Culture secretary Jeremy Wright has said he will allow the sale of the legendary architecture group’s archive to M +, a modern art and design museum, designed by Herzog & de Meuron and nearing completion.
The deal marks the culmination of a decade long search by the 1960s avant-garde group to find a suitable buyer.
The archive’s export was approved by Wright despite a recommendation to block the overseas sale made by a reviewing committee on the export of works of art and objects of cultural interest, administered by the Arts Council.
After hearing evidence from various parties, including an unnamed expert from one of the UK’s national museums who made the initial objection to the export, the committee recommended the government impose a temporary halt while a buyer was sought who would keep it in the UK.
It said the collection should stay in the UK due to its ‘outstanding significance in relation to architectural history’.
However, only cultural items over 50 years old can be blocked from export and Archigram’s archive comprises both items from that period and newer ones.
Wright concluded that an export licence should be granted ‘on the basis that the issue of overriding importance was that the archive should remain intact’.
Archigram member Peter Cook told the AJ he was relieved by the minister’s decision after what he called a ‘long, strange process’ following the sale in March last year. He said Archigram would look forward to celebrating it.
‘We’ll have a drink in Hong Kong I should think,’ he said. ‘We had made the sale and been paid and then unexpectedly a stop was put on [the export]. The people from M+ came to London and attended a committee hearing and have been pretty good about it. It was referred to the secretary of state and then went completely silent.’
The archive was valued at £2.7 million in 2016 and had attracted interest from around the world including the Getty Research Institute in Los Angeles.
But Archigram’s surviving members Cook, David Greene, Michael Webb and Dennis Crompton were willing to take a lower price from a leading international institution that would ensure the archive was properly conserved and made available to the public.
‘We didn’t haggle that much,’ Cook said. ‘We’re not very good at negotiating, but I got enough to pay off my mortgage. When we were hawking it around, there were some places that would have put it into a basement only for scholars to see. I hope that M+ will allow people to see it.’
He admitted he felt conflicted about the archive leaving Britain but said the country had no suitable architecture museum.
I think the lack of UK interest is a sign of a certain blinkeredness
‘I do have mixed feelings even though I’m not that nationalist,’ he said. ‘I do think [the lack of UK interest] is a sign of a certain blinkeredness.’
Crompton, the group’s archivist, said the work had been mostly stored in his house ‘under various beds and in cupboards’.
He added: ‘We had a big exhibition in Vienna in 1994 and work was framed for that, so it then became bulky. For the best part of 20 years, I’ve managed to keep it moving around the world so someone else had the problem of where to keep it.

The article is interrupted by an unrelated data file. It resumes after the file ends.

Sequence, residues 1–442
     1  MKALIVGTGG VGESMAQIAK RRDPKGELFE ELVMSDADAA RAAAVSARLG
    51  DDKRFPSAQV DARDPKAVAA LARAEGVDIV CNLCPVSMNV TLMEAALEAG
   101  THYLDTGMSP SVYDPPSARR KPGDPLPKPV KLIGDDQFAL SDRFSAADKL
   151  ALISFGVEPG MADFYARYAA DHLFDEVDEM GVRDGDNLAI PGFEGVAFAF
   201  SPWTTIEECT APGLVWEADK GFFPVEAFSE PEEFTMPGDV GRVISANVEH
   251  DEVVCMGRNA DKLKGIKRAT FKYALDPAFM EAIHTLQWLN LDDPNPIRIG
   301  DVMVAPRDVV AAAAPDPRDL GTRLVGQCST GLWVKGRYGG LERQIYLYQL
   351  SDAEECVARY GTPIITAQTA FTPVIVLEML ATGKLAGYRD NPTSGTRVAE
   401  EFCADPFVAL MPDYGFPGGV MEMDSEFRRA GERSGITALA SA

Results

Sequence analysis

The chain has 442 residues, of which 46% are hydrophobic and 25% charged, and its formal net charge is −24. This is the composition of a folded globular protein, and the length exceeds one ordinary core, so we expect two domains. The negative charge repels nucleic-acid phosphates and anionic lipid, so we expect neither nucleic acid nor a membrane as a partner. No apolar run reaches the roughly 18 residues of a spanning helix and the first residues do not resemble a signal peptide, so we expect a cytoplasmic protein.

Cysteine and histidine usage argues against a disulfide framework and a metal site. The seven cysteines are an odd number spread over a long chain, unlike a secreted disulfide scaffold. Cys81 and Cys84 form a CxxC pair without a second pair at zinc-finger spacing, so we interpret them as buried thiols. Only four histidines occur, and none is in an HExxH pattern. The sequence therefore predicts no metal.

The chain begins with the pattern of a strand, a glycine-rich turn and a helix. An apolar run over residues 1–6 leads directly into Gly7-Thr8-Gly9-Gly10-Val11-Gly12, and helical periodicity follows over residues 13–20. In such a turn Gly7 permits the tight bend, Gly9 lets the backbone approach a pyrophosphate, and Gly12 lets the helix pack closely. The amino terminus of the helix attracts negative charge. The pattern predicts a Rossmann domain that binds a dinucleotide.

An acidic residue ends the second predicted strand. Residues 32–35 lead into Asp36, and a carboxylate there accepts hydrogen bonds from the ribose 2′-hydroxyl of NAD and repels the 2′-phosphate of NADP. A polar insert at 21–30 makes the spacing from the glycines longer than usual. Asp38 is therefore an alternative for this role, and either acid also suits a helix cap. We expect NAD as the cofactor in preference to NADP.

‘Now it will be all together in a place which is young and enthusiastic and is the Far Eastern version of the Pompidou Centre or MOMA.’
Following its years of international touring, the archive was held by the University of Westminster as part of a scheme to digitise 10,000 Archigram images around a decade ago. Since then it has been stored at a facility in Southend on Sea.
The AJ understands that M+ acquired the archive under the direction of its then lead curator Aric Chen and is now bidding to acquire other architects’ archives such as that of Arata Isozaki.
The reviewing committee on the export of works of art and objects of cultural interest advises the Department for Digital, Cultural, Media and Sport (DCMS) on the export of cultural property and assesses items against the three ‘Waverley Criteria’.
It concluded that the Archigram archive met the third of these, which asks ‘is it of outstanding significance for the study of some particular branch of art, learning or history?’ and also noted the work’s influence on the built work of architects such as Richard Rogers and Norman Foster.
‘The Archigram archives are a unique resource for the study of the Archigram group, one of the most innovative and influential collectives in 20th-century architecture,’ it concluded.
M+ has been approached for comment.
What’s in the Archigram archive?
The archive comprises 3,000-4,000 drawings, between 11,000 and 14,000 photographs, 17 models, 430 video and audio tapes and around 60 boxes of documents, correspondence, financial information and various objects. These items document around 200 projects ranging from sketches for the 1962 Nottingham Shopping Centre (Cook and Greene) to material covering the group’s Living City exhibition of 1963 to drawings for Cook’s Plug in City (1963-64) and Ron Herron’s Walking Cities project (1964).
It also includes later works such as plans for the world’s-fair pavilions in Malaysia, Montreal and Osaka and the 1968 Instant City. According to the expert advice given to the reviewing committee on the export of works of art and objects of cultural interest, the archive represents a ‘window onto the avant-garde of British architectural culture in the 1960s and early 1970s’.